Verse 89
[٨٩]لَا يُؤَاخِذُكُمُ اللَّهُ بِاللَّغْوِ فِي أَيْمَانِكُمْ وَلَـٰكِن يُؤَاخِذُكُم بِمَا عَقَّدتُّمُ الْأَيْمَانَ ۖ فَكَفَّارَتُهُ إِطْعَامُ عَشَرَةِ مَسَاكِينَ مِنْ أَوْسَطِ مَا تُطْعِمُونَ أَهْلِيكُمْ أَوْ كِسْوَتُهُمْ أَوْ تَحْرِيرُ رَقَبَةٍ ۖ فَمَن لَّمْ يَجِدْ فَصِيَامُ ثَلَاثَةِ أَيَّامٍ ۚ ذَ‌ٰلِكَ كَفَّارَةُ أَيْمَانِكُمْ إِذَا حَلَفْتُمْ ۚ وَاحْفَظُوا أَيْمَانَكُمْ ۚ كَذَ‌ٰلِكَ يُبَيِّنُ اللَّهُ لَكُمْ آيَاتِهِ لَعَلَّكُمْ تَشْكُرُونَ

Allah does not hold you accountable for what is not countable from among your oaths, but He does hold you accountable for the oath you have bound yourself with. Its expiation is to feed ten poor persons at an average of what you feed your family with, or to clothe them, or to free a slave. And whoever finds none shall fast for three days. That is expiation for your oaths when you have sworn. And take care of your oaths. That is how Allah makes His signs clear to you, so that you may be grateful. [89]

Sequence of Verses
Mentioned earlier was the taking of Halal things as unlawful. Since statements to this effect are sometimes sworn, therefore, the injunction about taking of oaths follows in the present verse.

Three Forms of Oaths and their Injunctions
1.Some forms in which oaths are taken have been described in this verse. Some have appeared in Surah al-Baqarah as well (Ma'ariful-Qur'an, Volume I, Verse 2:225, pages 562-563). The gist of all these is that false swearing about a past event knowingly is, in the terminology of Muslim jurists, Yamin-Ghamus (disasterous oath) for instance, if a person has done something, and he knows that he has done it, and then he knowingly swears that he has not done it. This is false swearing, a grave major sin the curse of which falls in the present life and in the life-to-come. Bat, there is no Kaffarah (expiation) necessary for it. Taubah (repentance) and Istighfar (seeking forgiveness from Allah) are, however, necessary. That is the reason why the Muslim jurists call it the disasterous oath. Ghamus literally means that which drowns. This kind of oath drowns man into sin and its curse, a disaster for one's present and future life.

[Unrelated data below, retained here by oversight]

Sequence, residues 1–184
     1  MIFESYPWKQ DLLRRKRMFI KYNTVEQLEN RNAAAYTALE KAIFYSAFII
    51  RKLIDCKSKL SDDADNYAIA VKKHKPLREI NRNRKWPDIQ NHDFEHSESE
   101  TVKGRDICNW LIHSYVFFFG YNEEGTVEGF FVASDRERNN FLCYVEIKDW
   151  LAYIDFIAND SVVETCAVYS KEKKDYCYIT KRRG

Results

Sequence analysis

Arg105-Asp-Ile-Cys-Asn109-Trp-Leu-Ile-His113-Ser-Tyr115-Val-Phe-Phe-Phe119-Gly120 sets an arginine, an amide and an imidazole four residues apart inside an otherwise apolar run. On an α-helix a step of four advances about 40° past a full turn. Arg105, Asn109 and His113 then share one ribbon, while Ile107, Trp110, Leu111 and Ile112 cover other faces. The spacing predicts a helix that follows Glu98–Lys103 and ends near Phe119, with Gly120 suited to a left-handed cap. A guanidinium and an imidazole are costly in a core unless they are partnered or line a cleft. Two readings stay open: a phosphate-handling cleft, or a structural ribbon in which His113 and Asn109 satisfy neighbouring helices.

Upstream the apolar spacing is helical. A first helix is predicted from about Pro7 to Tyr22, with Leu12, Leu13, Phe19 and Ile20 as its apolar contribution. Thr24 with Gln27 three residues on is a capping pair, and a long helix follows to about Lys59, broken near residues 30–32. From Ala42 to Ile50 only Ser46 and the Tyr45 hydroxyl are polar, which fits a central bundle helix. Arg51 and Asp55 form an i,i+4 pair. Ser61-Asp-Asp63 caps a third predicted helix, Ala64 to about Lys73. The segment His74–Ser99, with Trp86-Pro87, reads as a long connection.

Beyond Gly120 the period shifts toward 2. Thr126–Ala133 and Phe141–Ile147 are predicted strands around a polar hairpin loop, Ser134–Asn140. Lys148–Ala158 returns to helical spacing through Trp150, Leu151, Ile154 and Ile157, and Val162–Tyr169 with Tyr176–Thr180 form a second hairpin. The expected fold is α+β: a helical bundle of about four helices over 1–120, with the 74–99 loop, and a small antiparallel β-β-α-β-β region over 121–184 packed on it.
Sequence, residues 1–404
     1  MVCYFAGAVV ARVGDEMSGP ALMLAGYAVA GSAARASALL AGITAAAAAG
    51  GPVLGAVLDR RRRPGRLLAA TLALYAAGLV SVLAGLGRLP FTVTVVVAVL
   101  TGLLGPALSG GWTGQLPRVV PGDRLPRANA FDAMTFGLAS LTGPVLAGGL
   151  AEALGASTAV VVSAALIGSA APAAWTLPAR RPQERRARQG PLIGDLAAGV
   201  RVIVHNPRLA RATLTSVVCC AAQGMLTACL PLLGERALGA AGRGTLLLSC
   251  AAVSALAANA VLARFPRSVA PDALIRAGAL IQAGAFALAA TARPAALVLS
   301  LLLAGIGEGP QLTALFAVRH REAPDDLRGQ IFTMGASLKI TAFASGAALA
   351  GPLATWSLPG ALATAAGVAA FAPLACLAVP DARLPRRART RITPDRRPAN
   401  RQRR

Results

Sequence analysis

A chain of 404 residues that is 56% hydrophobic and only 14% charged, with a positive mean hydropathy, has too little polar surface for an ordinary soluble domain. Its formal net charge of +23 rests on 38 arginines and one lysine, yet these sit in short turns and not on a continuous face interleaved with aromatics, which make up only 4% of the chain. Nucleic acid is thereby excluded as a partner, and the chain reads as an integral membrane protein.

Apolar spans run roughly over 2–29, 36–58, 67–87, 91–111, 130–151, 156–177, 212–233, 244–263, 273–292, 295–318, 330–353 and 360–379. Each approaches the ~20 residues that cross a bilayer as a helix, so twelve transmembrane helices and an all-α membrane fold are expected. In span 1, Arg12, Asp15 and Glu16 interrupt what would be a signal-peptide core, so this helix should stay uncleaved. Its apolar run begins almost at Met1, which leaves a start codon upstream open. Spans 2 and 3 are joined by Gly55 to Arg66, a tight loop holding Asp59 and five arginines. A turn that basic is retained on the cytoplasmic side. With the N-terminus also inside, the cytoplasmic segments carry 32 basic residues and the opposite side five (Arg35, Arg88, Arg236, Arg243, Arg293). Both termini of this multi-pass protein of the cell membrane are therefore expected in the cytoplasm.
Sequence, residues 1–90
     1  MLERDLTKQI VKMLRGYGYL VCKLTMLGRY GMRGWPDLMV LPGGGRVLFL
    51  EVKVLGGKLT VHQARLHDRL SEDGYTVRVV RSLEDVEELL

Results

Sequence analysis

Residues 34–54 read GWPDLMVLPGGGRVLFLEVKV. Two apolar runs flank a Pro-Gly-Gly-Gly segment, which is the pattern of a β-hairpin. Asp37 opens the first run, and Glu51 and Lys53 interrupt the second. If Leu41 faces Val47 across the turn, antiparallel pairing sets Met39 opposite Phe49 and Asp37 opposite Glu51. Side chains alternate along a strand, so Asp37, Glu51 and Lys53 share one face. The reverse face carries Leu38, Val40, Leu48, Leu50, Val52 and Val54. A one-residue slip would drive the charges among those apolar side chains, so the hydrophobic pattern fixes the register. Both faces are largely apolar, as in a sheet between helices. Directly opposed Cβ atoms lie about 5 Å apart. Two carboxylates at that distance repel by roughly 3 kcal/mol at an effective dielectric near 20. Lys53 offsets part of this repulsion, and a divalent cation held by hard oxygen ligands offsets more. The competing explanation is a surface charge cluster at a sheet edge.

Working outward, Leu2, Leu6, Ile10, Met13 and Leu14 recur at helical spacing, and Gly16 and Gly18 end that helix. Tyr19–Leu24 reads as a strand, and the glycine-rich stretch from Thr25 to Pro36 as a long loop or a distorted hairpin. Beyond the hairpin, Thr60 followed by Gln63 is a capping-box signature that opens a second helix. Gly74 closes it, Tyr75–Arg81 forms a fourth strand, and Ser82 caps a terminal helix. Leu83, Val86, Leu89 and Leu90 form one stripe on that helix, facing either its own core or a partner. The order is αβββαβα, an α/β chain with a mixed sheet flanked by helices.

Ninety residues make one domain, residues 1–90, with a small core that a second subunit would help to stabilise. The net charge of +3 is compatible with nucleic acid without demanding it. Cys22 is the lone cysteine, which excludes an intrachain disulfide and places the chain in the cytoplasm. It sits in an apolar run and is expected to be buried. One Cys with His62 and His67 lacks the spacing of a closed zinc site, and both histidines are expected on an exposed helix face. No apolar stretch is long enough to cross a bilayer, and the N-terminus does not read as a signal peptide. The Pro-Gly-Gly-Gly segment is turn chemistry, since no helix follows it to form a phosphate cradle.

2. The second form is that someone declares on oath that a past event was true, as based on his knowledge, while it was actually false for example, he learnt from someone that a certain person has come and trusting him, he declared on oath that the person has come, then, he came to know that this was contrary to what had actually happened. This is called Yamin Laghw (ineffectual oath), that which is not counted. Similarly, if a word denoting oath, such as 'by' or 'I swear,' comes to be said unintentionally, that too is known to be what is 'ineffectual oath.' It brings neither Kaffarah (expiation) nor sin.

3. The third form of oath is that one declares on oath that he would or would not do something in the future. This is known as al Yamin al-Mun'aqidah (Binding oath). The rule which governs it is that, in the event the oath is broken, Kaffarah (expiation) becomes necessary and under some situations, it brings sin as well, while in some others, it does not.

At this place in the present verse of the Qur'an, 'Laghw' (ineffectual, not counted) obviously means the oath which brings no Kaffarah (expiation) whether a sin, or not; because it has been mentioned in contrast with : عَقَّدتُّمُ الْأَيْمَانَ (the oaths you have bound yourselves with). This tells us that the accountability (Mu'akhadhad) mentioned here is only the accountability in the present world which comes in the form of Kaffarah (expiation).